To give a more exact picture, I am processing multiple full hd streams with a pipeline VPP->ENCODE and since it seems that I am hitting the performance limits, I started to think, that maybe performing color conversion/H.264 encoding on smaller fragments not the full frame (since I have this information and I don't need any extra processing power to calculate it) would help me improve the performance since VPP and ENCODE would actually operate on smaller amount of pixels and less memory would be transferred, but if the ENCODE does not support this then I guess I'm out of luck.

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Yes, the ROI solution will work on a stream and not per-frame. Given your constraints, it is not the solution. But now that you mention you are hitting performance limits due to which you are considering encoding in this manner, can you let us know what are the performance thresholds that are not being met? Here is something that may be useful to you - In the VPP+Encode pipeline you mention, your input is raw stream. And the operation of doing a file IO to read the raw stream and copy the huge file over to the video surfaces (setting up for media pipeline) can be very costly performance-wise. (Instead, if you had a Decode+VPP+Encode pipeline, the cost of reading encoded frames and decoding them is much lower, since the encoded stream is much smaller and the decode process is very fast). Were you able to characterize where your performance bottleneck was being hit? If not, it may be worthwhile to take a look at this. If the encode performance still looks like the bottleneck, feel free to share you code and input stream, and we can take a look at it. We highly recommend you use/modify the existing tutorials/samples to reproduce the behavior.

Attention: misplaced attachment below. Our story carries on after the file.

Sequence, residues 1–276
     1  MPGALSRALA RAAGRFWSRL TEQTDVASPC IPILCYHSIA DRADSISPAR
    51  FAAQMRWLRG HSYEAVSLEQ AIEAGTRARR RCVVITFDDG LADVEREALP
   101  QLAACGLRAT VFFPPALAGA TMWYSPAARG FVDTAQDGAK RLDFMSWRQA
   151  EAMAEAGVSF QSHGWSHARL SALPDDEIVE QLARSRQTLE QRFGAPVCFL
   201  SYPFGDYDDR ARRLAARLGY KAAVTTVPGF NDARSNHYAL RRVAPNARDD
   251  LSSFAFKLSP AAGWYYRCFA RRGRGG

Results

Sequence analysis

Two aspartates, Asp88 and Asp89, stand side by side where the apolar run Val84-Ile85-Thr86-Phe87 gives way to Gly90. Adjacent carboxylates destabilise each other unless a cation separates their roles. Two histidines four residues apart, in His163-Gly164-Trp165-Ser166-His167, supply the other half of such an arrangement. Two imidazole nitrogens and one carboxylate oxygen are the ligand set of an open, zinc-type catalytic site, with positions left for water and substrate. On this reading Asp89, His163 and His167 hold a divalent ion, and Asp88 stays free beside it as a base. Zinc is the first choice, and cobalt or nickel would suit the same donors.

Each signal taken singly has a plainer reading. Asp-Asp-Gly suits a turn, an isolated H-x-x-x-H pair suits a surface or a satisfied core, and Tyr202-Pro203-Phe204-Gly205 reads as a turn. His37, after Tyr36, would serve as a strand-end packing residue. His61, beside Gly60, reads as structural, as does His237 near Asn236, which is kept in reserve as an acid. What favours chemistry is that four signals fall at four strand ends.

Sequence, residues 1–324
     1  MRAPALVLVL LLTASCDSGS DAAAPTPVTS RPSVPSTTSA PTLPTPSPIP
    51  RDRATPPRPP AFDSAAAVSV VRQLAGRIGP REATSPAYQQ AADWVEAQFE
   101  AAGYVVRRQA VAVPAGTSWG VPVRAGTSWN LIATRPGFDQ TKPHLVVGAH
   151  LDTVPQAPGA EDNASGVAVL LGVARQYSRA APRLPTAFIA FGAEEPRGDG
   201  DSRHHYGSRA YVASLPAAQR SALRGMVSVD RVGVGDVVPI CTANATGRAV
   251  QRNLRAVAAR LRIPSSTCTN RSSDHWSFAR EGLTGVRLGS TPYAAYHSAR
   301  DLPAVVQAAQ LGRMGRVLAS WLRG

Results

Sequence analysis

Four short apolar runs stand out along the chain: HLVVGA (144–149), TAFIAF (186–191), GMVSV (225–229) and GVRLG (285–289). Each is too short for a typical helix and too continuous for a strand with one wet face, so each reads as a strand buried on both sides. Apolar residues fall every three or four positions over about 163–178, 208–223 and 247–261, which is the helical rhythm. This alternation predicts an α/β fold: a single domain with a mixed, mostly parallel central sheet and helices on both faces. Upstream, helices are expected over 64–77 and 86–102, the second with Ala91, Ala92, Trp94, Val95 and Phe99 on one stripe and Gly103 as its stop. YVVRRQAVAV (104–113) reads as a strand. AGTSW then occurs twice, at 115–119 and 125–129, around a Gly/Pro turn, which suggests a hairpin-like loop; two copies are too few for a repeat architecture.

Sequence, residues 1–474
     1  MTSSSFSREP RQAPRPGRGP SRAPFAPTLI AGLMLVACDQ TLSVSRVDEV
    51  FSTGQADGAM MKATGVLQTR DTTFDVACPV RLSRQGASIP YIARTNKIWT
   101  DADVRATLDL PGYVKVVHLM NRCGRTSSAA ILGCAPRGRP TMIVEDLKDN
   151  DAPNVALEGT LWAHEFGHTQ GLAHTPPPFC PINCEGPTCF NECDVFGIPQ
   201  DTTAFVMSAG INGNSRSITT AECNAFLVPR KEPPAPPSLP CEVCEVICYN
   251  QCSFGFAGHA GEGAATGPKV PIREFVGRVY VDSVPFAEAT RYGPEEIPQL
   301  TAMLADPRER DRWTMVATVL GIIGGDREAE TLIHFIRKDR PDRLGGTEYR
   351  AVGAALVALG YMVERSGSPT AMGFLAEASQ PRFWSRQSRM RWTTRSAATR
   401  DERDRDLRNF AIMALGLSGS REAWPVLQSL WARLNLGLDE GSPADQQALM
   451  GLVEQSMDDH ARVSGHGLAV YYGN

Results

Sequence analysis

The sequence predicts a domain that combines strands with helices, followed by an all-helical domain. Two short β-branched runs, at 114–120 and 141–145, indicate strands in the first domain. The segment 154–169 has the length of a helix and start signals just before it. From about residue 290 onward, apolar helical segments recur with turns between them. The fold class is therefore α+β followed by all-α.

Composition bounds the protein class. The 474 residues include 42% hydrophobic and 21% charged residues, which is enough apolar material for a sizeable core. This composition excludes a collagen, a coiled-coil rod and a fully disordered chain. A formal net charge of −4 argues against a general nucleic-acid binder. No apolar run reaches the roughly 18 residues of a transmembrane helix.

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Beginner
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Hi,

thanks for the response. Well I'll try to clarify the picture. This is a research project on building large scale display walls in the university - we have a demo video here https://www.youtube.com/watch?v=eFAATNofjHA&list=UUczMkdyYCPNj0GWc3rPcwaA.  If we talk about the thresholds, I see that I am not able to encode 16 full hd streams with 25 fps (given the video source actually updates this fast, e.g. plays a video) in 16 parallel sessions in real time without a noticeable lag. I mean maybe bottleneck isn't even the right description, simply I am interested how can I max out the total fps at a given constant resolution while keeping a low latency. And subregion encoding was first that came to my mind. At least according to the benchmarks I've seen on web for full hd the peak encoding rate seems to be at about ~220 fps (I assume that breaking into parallel sessions would also introduce overhead) where I would need to encode 16 * 25 fps. Correct me if I'm wrong and the encoder is actually capable of doing this. I mean, I understand that every hardware has its limits and I'm still amazed by the performance I get if I run let's say 8 streams.then it actually works very well. This I why I've started looking into using Nvidia Maxwell cards, since the performance there seems to be quite close, but at least these can be stacked (e.g 3/4 cards) to share the workload.